Tesco half-year profits down by 55 per cent
Profits for the first half of the financial year were £354m, down 55 per cent on the same period last year.
Like-for-like sales in the UK were down 1.1 per cent in the second quarter, an improvement on the first quarter’s 1.5 per cent fall. International sales were up 1 per cent.
Chief executive Dave Lewis said Tesco had achieved an “unprecedented” level of change in its business over the last 12 months, which is “working”.
“The first half results show sustained improvement across a broad range of key indicators.
“In the UK, we continue to improve all aspects of our offer for customers, resulting in volume growth which is allowing us to create a virtuous circle of investment. Our transformation programme in Europe has accelerated growth and reduced operating expenses, and in Asia, we have gained market share in challenging economic conditions.
“We have concluded our portfolio review with the sale of Homeplus, our business in Korea, enabling us to take a significant step forward on our priority of strengthening the balance sheet. Further progress will be driven by continuing to increase the level of cash generated from our retained assets.”
In April, Tesco reported its worst results in history, a statutory pre-tax loss of £6.4bn for the year to the end of February. The supermarket is still under investigation by the Serious Fraud Office (SFO) for overstating profits.
Analyst reaction to the results has been broadly positive.
Russ Mould, investment director at AJ Bell, said the figures “lived down” to low expectations, but he believed the resulting fall in Tesco’s share price did the company a “small disservice”.
“[Tesco’s] market remains very difficult…the statement features no further profit warning or nasty surprises.
“Performance in the UK and Republic of Ireland improved a little while international showed marked improvement. Some may be disappointed by the absence of talk of further asset sales but the stronger showing from the overseas businesses does suggest it could be easier to sell them for a better price in the future.”
Richard Hunter, head of equities at Hargreaves Lansdown, said Tesco looks “much healthier” than a year ago.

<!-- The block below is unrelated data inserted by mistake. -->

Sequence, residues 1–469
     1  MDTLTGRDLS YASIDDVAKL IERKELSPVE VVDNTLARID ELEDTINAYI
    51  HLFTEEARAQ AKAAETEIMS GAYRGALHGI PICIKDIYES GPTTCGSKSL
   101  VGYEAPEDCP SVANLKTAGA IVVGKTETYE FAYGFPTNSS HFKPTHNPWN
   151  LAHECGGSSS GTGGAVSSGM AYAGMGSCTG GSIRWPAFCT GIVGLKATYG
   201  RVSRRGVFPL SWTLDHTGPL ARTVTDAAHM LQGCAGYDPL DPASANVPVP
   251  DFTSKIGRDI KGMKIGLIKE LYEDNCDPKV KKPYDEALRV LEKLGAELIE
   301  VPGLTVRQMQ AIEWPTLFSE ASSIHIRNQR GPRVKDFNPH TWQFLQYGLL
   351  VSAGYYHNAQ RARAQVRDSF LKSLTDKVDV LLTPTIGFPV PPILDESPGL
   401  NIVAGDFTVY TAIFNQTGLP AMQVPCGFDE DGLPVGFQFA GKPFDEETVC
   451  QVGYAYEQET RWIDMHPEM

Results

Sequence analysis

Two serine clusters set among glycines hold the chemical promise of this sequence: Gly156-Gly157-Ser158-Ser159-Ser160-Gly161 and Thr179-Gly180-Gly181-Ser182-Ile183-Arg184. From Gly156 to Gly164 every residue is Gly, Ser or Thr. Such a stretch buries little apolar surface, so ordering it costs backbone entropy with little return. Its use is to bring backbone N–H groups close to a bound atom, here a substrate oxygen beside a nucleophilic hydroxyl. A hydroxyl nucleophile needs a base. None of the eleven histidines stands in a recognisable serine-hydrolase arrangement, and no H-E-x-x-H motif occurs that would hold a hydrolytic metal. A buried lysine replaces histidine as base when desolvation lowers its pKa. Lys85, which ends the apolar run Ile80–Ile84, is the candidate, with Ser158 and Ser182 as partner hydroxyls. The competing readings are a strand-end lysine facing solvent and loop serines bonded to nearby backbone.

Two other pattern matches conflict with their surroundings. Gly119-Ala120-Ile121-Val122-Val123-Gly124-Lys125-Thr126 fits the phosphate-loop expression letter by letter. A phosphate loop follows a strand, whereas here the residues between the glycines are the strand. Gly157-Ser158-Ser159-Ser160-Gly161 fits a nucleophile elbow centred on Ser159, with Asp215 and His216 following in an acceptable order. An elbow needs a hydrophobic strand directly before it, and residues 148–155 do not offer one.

“The more obviously positive pockets include the ongoing strengthening of the balance sheet, transactions and volumes holding up well although being pressurised by food price deflation, some international business growth and a renewed focus on cash generation,” he noted.
“The group is changing the way it deals with its pension deficit and lease commitments, while cost-cutting measures and a crimped capital expenditure line are also helpful. Less positively, there is some concern around Tesco retaining its retail data arm in the absence of a willing buyer, while the lack of an interim dividend is prudent but disappointing.
“The somewhat mixed news of progress is reflected in a share price which has dipped 21 per cent over the last six months, yet has managed a 9 per cent gain over the last year. There is clearly much more to be done, but progress to date is laudable and may result in the market consensus of the shares as a strong hold coming under some positive pressure.”
Graham Spooner, investment research analyst at The Share Centre, said the results highlighted the problems the supermarket sector, as well as the group, have had over the past two years.
“The retailer did beat analyst consensus expectations, as operating profits more than halved in what is proving to be a challenging turnaround,” he said.
“The retailer has managed to reduce the rate of falling sales, a mild positive for investors. Furthermore, Tesco highlighted it remains on track to deliver £400m of annual cost savings.
“While fierce price competition and promotions are likely to remain a squeeze on margins, we recommend Tesco as a ‘hold’ for the patient investor. The company’s plans to re-focus its attentions on its core UK market are going to take some time and incur costs. For investors interested in the sector, we recommend Sainsbury’s as a ‘buy’.”